The Federal Communications Commission (FCC) has proposed changes to its rules under the Telephone Consumer Protection Act that limit the use of prerecorded calls and automatic telephone dialing systems (also known as "autodialers"). Adopted on January 20, 2010, the FCC's proposal would create a major hurdle for debt collectors and others not engaged in sales or telemarketing ("non-sellers") who use these methods to make calls to wireless numbers. The proposal would require non-sellers to obtain a prior written agreement evidencing the consumer’s consent to such calls.

Under current FCC regulations, non-sellers who make non-emergency autodialed or prerecorded calls to wireless numbers can do so with the consumer's "prior express consent." In the case of collection calls, the FCC had ruled that autodialed or prerecorded calls to wireless numbers were made with the consumer's "prior express consent" if the consumer had given the cell phone number to the creditor for use in normal business communications, such as in a credit application. If adopted, the FCC's proposal would no longer allow a non-seller to make such calls unless it had first obtained a written agreement from the consumer that includes a clear and conspicuous disclosure that the purpose of the agreement is to authorize autodialed or prerecorded calls. Because the proposal does not allow the agreement to be required as a condition of the underlying transaction and requires the agreement to also include the cell phone number to which calls can be placed and the consumer's signature, non-sellers will be unable to use boilerplate provisions in the transaction documents authorizing prerecorded or autodialed calls to any cell phone number the consumer may provide.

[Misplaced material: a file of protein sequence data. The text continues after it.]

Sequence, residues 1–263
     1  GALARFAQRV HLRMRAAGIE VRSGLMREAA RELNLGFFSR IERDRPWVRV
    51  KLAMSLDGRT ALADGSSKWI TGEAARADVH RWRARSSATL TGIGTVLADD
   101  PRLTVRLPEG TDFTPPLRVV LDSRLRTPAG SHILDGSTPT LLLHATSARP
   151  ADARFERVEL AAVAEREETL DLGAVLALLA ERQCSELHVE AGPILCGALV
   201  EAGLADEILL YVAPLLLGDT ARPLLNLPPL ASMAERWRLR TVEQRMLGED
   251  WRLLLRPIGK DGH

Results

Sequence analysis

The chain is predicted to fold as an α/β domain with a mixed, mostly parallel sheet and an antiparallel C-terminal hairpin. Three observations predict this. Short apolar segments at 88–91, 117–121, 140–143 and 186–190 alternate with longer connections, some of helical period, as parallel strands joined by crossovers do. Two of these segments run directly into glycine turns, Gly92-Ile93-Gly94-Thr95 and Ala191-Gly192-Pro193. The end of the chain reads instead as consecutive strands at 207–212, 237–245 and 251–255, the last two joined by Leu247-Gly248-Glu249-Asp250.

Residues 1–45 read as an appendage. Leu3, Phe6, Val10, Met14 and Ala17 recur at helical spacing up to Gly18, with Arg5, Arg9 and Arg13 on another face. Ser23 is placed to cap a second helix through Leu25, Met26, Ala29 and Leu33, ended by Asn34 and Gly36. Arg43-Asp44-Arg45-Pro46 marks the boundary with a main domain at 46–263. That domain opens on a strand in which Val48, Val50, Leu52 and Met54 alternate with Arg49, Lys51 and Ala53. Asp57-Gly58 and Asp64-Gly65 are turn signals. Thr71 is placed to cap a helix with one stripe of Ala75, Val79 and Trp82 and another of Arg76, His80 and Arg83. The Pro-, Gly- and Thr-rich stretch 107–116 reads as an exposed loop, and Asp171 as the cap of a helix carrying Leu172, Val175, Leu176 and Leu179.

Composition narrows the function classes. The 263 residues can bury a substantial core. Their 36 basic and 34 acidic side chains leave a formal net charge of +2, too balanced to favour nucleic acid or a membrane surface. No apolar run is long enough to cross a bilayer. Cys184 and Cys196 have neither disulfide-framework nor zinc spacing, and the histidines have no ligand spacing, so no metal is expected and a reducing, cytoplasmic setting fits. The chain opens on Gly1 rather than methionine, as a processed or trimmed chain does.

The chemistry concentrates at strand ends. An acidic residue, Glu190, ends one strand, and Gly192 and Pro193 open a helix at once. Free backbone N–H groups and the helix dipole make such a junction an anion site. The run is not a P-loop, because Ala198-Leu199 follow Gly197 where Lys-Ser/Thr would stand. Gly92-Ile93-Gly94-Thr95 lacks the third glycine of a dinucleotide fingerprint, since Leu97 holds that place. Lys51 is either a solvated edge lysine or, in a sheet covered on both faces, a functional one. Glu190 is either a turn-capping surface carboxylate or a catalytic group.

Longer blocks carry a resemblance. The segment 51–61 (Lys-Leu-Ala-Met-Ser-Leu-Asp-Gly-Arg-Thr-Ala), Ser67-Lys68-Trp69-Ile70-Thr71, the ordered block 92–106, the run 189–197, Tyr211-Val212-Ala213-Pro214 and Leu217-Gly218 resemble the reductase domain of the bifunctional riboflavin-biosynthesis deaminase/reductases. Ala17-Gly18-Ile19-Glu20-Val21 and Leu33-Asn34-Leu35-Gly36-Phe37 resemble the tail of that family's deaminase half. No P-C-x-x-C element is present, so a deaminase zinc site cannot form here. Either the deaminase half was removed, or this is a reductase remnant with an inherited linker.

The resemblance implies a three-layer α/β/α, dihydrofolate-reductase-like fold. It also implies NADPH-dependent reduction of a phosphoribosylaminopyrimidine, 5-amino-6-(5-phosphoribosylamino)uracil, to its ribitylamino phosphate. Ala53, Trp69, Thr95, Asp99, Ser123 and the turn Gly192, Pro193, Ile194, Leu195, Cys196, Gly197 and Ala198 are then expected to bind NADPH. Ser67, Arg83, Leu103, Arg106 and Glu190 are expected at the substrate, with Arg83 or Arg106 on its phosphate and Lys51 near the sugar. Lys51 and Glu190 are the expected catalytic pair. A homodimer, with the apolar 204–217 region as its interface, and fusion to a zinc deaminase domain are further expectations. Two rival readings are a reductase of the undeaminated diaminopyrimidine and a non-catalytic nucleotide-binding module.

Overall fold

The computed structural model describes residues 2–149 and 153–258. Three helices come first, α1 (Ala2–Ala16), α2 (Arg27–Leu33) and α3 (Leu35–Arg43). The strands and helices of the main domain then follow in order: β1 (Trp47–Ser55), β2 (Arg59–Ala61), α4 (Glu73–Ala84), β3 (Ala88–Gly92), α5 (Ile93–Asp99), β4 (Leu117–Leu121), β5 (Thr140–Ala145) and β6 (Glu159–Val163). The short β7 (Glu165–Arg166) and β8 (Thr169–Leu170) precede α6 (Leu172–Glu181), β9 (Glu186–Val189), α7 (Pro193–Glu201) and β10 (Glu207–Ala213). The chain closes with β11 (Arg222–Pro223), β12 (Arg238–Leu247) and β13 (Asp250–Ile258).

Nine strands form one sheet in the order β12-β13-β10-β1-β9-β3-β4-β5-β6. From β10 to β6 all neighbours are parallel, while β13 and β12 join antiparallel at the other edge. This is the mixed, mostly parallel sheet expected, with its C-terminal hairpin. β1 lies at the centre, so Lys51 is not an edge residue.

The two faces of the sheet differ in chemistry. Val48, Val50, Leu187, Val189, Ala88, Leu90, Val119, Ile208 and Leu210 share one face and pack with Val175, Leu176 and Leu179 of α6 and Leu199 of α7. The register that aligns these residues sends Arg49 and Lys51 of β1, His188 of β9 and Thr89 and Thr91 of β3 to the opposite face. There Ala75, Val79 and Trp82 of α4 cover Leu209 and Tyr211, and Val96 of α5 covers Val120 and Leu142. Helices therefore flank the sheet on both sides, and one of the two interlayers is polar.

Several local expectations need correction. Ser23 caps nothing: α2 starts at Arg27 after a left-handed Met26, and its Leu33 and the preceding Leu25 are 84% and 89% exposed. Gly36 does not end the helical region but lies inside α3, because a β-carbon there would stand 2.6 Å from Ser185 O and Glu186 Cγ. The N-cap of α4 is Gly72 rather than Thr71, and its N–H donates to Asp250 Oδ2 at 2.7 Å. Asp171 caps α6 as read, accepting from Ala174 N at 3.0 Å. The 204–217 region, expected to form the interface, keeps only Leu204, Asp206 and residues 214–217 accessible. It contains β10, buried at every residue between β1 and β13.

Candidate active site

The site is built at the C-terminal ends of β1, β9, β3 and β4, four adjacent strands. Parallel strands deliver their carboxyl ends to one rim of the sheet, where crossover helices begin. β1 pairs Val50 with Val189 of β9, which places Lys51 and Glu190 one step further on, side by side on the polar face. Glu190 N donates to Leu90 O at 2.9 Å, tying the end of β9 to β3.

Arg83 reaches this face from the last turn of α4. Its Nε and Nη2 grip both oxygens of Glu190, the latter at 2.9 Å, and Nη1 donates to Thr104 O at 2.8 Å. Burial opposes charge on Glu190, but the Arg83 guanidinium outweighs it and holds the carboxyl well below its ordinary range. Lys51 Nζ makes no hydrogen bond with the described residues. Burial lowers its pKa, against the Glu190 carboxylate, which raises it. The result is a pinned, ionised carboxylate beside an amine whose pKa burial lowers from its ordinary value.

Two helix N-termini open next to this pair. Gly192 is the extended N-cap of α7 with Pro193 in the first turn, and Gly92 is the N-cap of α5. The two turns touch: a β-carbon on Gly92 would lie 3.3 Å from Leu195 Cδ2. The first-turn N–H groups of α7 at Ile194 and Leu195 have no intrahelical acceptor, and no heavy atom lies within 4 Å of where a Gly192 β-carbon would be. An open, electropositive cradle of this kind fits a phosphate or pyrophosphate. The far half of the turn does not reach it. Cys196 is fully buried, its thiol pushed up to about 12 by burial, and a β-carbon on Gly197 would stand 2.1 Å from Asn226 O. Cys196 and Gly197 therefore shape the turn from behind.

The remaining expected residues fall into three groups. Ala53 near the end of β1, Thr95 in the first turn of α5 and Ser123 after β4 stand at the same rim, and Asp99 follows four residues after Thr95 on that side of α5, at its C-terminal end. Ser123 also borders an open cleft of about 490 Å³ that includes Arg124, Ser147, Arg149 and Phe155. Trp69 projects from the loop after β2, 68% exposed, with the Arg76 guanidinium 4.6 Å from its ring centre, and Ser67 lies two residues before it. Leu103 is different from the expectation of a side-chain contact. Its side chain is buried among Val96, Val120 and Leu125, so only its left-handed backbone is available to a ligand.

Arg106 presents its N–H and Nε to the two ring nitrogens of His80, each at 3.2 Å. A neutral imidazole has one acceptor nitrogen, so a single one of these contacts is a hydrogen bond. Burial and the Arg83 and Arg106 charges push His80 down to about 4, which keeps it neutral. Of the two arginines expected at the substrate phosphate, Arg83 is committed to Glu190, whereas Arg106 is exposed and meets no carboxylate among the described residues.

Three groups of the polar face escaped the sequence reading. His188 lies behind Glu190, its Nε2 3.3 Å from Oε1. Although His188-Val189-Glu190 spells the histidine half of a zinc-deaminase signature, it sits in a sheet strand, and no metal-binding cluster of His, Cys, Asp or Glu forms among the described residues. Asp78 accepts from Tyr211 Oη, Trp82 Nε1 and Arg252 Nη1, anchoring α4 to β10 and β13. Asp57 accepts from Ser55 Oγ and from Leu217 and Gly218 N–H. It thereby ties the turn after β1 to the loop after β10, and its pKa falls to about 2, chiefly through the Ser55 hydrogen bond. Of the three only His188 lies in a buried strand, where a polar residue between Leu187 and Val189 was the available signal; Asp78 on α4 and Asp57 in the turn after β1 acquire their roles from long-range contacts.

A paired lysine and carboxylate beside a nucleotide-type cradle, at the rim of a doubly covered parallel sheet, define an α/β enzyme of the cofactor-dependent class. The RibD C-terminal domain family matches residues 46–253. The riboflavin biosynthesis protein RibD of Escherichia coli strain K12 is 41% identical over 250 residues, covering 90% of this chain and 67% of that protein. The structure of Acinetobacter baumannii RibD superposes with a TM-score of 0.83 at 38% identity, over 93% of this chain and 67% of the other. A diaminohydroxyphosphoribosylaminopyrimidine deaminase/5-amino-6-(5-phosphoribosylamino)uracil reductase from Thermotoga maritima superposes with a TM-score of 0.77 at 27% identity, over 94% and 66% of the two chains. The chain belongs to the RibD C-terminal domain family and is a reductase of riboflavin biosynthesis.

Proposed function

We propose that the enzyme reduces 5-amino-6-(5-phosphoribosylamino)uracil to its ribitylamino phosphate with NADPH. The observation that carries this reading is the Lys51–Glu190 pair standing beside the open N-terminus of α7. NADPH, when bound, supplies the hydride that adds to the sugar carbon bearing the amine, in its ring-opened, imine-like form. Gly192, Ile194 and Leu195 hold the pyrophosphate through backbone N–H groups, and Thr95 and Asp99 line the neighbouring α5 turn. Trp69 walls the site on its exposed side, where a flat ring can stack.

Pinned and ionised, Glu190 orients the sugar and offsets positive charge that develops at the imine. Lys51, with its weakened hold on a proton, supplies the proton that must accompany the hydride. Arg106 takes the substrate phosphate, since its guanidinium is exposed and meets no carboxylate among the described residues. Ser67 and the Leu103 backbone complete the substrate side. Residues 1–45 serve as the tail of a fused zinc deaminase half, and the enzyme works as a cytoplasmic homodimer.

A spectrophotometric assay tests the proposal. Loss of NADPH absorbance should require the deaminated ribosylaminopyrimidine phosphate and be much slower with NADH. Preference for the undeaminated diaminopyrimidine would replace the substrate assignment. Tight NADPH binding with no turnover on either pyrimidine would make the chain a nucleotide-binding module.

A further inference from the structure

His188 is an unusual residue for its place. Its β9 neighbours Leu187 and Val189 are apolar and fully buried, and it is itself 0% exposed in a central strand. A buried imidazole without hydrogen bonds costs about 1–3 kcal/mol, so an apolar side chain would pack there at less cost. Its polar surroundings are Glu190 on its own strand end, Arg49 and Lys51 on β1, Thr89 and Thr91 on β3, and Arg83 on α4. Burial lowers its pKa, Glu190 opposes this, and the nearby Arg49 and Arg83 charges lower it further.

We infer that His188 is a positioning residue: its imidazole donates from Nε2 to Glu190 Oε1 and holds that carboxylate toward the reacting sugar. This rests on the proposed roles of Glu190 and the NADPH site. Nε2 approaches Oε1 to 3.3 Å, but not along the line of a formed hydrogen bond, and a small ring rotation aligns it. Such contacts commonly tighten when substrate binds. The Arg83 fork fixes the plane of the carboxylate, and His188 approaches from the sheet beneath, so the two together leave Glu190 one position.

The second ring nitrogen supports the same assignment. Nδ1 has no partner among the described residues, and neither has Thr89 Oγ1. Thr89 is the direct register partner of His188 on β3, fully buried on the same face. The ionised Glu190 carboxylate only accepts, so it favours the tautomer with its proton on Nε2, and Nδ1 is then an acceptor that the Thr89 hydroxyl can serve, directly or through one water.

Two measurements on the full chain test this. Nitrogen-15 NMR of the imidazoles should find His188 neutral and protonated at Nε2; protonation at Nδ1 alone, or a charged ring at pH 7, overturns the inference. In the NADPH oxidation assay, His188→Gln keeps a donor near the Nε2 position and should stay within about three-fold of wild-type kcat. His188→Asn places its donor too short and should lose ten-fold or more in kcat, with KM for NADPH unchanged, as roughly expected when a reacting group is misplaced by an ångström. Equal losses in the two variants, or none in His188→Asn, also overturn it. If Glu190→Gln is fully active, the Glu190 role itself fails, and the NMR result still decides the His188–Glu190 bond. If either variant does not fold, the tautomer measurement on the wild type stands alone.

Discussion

The FCC's proposal would also place new burdens on sellers and telemarketers, particularly those who are not already subject to Federal Trade Commission (FTC) telemarketing rules. For entities such as common carriers (including telephone companies and airlines), banks, and insurance companies that are under the FCC's exclusive jurisdiction, the proposal would prohibit such entities from making prerecorded telemarketing calls to residential telephone lines or wireless numbers without a written agreement from the consumer that meets the standards described above. While current FTC rules require the consumer's prior written agreement for any prerecorded telemarketing calls, a prior written agreement is currently only required under FCC rules where the call is made to a residential subscriber who has listed his or her number on the National Do Not Call Registry. Otherwise, current FCC rules only require "prior express consent," which can be written or oral.

The FCC's proposal tracks the FTC's more restrictive rules in several other respects, including its requirement for all prerecorded telemarketing calls to provide an automated, interactive opt-out mechanism and its elimination of the FCC's current exception permitting prerecorded telemarketing calls to residential lines without the consumer’s written agreement or "prior express consent" where the caller and consumer have an established business relationship. Finally, the proposal would also make autodialed telemarketing calls to wireless numbers subject to the prior written agreement requirement.

Ballard Spahr's Consumer Financial Services Group is nationally recognized for its guidance in structuring and documenting new consumer financial services products, its experience with the full range of federal and state consumer credit laws throughout the country, and its skill in litigation defense and avoidance (including pioneering work in pre-dispute arbitration programs). For more information, please contact group Chair Alan S. Kaplinsky, 215.864.8544 or kaplinsky@ballardspahr.com; Vice Chair Jeremy T. Rosenblum, 215.864.8505 or rosenblum@ballardspahr.com; John L. Culhane, Jr., 215.864.8535 or culhane@ballardspahr.com; Barbara S. Mishkin, 215.864.8528 or mishkinb@ballardspahr.com; or Mark J. Furletti, 215.864.8138 or furlettim@ballardspahr.com.


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